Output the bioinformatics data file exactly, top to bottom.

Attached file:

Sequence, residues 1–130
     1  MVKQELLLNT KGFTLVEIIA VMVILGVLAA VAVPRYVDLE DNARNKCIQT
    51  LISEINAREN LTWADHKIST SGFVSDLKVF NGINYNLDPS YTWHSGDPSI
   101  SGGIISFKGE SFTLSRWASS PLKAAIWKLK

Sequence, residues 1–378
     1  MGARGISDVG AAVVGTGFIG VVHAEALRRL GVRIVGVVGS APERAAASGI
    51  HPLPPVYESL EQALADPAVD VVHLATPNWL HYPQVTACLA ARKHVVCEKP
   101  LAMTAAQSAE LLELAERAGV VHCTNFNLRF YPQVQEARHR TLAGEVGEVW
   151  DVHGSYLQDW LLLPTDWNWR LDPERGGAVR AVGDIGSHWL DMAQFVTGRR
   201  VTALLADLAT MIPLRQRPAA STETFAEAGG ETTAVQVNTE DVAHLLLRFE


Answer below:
Sequence, residues 1–130
     1  MVKQELLLNT KGFTLVEIIA VMVILGVLAA VAVPRYVDLE DNARNKCIQT
    51  LISEINAREN LTWADHKIST SGFVSDLKVF NGINYNLDPS YTWHSGDPSI
   101  SGGIISFKGE SFTLSRWASS PLKAAIWKLK

Sequence, residues 1–378
     1  MGARGISDVG AAVVGTGFIG VVHAEALRRL GVRIVGVVGS APERAAASGI
    51  HPLPPVYESL EQALADPAVD VVHLATPNWL HYPQVTACLA ARKHVVCEKP
   101  LAMTAAQSAE LLELAERAGV VHCTNFNLRF YPQVQEARHR TLAGEVGEVW
   151  DVHGSYLQDW LLLPTDWNWR LDPERGGAVR AVGDIGSHWL DMAQFVTGRR
   201  VTALLADLAT MIPLRQRPAA STETFAEAGG ETTAVQVNTE DVAHLLLRFE